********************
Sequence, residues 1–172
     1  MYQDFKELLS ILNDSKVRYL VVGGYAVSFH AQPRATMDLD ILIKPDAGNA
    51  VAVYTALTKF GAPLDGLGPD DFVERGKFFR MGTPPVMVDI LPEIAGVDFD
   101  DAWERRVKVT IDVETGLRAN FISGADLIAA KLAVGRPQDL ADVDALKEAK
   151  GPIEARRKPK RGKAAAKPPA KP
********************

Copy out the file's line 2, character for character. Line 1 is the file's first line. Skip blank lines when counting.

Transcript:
     1  MYQDFKELLS ILNDSKVRYL VVGGYAVSFH AQPRATMDLD ILIKPDAGNA